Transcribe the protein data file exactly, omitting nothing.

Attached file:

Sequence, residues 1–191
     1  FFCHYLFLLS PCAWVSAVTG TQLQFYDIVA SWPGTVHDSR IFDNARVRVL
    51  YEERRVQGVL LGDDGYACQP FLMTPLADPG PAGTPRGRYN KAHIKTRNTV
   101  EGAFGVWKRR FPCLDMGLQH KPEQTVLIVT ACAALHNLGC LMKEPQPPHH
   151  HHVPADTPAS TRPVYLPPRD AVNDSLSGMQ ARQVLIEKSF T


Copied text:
Sequence, residues 1–191
     1  FFCHYLFLLS PCAWVSAVTG TQLQFYDIVA SWPGTVHDSR IFDNARVRVL
    51  YEERRVQGVL LGDDGYACQP FLMTPLADPG PAGTPRGRYN KAHIKTRNTV
   101  EGAFGVWKRR FPCLDMGLQH KPEQTVLIVT ACAALHNLGC LMKEPQPPHH
   151  HHVPADTPAS TRPVYLPPRD AVNDSLSGMQ ARQVLIEKSF T